I remember when Alycia first told me that she was pregnant. I had come home from hanging out with some friends and there was a card waiting for me on the table. I opened it and she let me know that I was going to be a father. We were trying to have a baby, but it was still a moment of unexpected joy. I had thought about being a father before, but in that moment, all those thoughts became a reality.
Since Clara was born 20 months ago, there have been a lot of moments of unexpected joy. I didn’t realize how much joy I would get from simply watching her sleep when she was a newborn. I didn’t know how much joy I would get from hanging out together every Thursday on my day off. I didn’t know how much joy I would get from seeing Alycia as a mother.
As Brad reminded us this past weekend, it’s possible that Mary didn’t have as much joy from her unexpected pregnancy. As a young, unmarried woman, her pregnancy would have been scandalous. Living in a small village, she would have had to deal with disapproving glares and whispered rumors all around her. When Mary finally saw excitement and approval in Elizabeth’s eyes, Mary probably got her moment of unexpected joy.
Whether we can identify with Mary or not, we’ve all probably needed the type of moment that she got with Elizabeth. Facing the judgment of others, the loss of a job, a challenging round of finals or a strained relationship at home, we could use a moment of joy.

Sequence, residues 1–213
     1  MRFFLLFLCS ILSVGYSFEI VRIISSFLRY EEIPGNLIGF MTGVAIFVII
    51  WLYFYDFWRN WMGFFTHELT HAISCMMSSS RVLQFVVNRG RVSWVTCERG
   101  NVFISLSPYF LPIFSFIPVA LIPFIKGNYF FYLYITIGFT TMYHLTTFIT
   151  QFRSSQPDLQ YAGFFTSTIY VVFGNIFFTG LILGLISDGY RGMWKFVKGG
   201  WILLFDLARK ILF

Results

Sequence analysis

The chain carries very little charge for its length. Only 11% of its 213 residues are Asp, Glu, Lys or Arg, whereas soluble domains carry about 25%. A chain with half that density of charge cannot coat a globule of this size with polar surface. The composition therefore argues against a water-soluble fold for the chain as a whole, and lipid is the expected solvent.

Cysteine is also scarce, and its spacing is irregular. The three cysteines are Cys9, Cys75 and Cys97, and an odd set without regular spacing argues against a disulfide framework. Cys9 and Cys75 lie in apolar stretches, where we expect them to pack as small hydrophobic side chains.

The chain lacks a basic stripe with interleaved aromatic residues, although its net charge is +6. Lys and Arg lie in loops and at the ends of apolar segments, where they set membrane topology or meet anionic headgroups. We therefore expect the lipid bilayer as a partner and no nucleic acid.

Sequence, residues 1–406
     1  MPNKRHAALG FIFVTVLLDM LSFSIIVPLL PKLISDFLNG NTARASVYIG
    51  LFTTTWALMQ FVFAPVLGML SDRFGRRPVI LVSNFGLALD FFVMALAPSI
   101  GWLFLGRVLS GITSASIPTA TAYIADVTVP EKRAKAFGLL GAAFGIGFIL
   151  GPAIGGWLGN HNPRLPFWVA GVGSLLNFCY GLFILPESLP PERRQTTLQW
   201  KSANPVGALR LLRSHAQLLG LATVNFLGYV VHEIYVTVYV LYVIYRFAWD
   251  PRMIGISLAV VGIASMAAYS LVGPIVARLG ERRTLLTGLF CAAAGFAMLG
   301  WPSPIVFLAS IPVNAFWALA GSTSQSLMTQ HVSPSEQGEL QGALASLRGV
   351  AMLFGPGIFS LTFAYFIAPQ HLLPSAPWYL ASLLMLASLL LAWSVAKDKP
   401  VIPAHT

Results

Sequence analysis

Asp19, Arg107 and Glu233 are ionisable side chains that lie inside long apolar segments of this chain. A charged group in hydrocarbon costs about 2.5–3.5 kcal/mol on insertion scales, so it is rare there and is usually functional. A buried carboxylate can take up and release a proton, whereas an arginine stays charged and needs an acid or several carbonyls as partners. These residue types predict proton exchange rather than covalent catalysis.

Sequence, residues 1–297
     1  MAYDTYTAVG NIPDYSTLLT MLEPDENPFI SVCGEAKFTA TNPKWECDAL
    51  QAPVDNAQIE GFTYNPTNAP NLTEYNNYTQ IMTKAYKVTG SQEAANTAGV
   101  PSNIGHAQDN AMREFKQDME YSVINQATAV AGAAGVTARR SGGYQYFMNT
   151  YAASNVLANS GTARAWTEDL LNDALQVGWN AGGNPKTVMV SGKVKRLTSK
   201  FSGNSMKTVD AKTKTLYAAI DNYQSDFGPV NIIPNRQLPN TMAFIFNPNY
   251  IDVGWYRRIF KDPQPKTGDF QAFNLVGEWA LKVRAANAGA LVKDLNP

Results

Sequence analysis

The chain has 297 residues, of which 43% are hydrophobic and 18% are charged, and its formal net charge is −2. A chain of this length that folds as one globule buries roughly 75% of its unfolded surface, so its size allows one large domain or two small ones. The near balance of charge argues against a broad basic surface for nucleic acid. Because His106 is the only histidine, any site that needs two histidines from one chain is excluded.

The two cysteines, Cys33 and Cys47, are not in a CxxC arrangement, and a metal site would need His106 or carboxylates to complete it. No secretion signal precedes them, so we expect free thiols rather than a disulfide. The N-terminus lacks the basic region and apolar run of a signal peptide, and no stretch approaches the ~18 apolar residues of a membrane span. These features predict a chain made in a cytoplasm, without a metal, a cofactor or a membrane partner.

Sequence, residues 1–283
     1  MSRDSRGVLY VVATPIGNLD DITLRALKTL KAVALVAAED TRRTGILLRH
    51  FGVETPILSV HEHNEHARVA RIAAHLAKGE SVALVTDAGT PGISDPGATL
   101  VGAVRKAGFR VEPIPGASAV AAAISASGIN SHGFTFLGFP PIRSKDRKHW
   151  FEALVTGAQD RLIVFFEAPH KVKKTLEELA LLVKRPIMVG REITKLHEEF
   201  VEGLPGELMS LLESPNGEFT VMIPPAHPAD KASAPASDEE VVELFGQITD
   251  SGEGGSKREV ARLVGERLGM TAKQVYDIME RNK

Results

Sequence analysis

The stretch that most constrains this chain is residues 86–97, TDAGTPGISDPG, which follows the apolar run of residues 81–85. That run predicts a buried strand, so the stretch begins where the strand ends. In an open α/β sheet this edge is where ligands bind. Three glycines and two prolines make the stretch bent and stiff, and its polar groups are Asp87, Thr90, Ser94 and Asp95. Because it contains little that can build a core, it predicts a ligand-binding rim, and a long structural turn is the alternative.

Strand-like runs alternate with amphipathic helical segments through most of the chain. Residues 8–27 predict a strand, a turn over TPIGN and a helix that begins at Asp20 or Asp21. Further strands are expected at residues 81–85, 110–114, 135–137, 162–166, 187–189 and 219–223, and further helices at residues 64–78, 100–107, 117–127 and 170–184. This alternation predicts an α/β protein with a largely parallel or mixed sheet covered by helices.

That’s the great thing about Christmas: Jesus brought with him the most unexpected moment of joy ever, and we still feel its reverberations today.
Hundreds of years trapped in the sorrow of sin, exile and subjugation, the nation of Israel was a lot like Mary, desperate for a moment of joy and relief. That joy came in the most unexpected form: a baby boy born to an unwed mother. Because joy broke through in that little town of Bethlehem, we can trust that Jesus will bring us joy even in the most unexpected of places.
Jesus wants to give us joy this holiday season and every other season. He wants to give us joy when we expect it, when we’re gathered around the Christmas tree or celebrating a birthday with friends. He also wants to bring us joy, though, when we’re sitting in a hospital waiting room or stuck in traffic on the freeway.
The joy that Jesus wants to give us may not be what we’re expecting or hoping for, but it’s there if we have eyes to see it. The joy may not come from an answered prayer, but in the strength to persevere. The joy may not come from everything we want to happen, but the ability to remain content regardless.
Jesus has given us joy and it will show up even in the most unexpected places. And when we’ve received that joy, we can be people who help others find it when they’re least expecting it.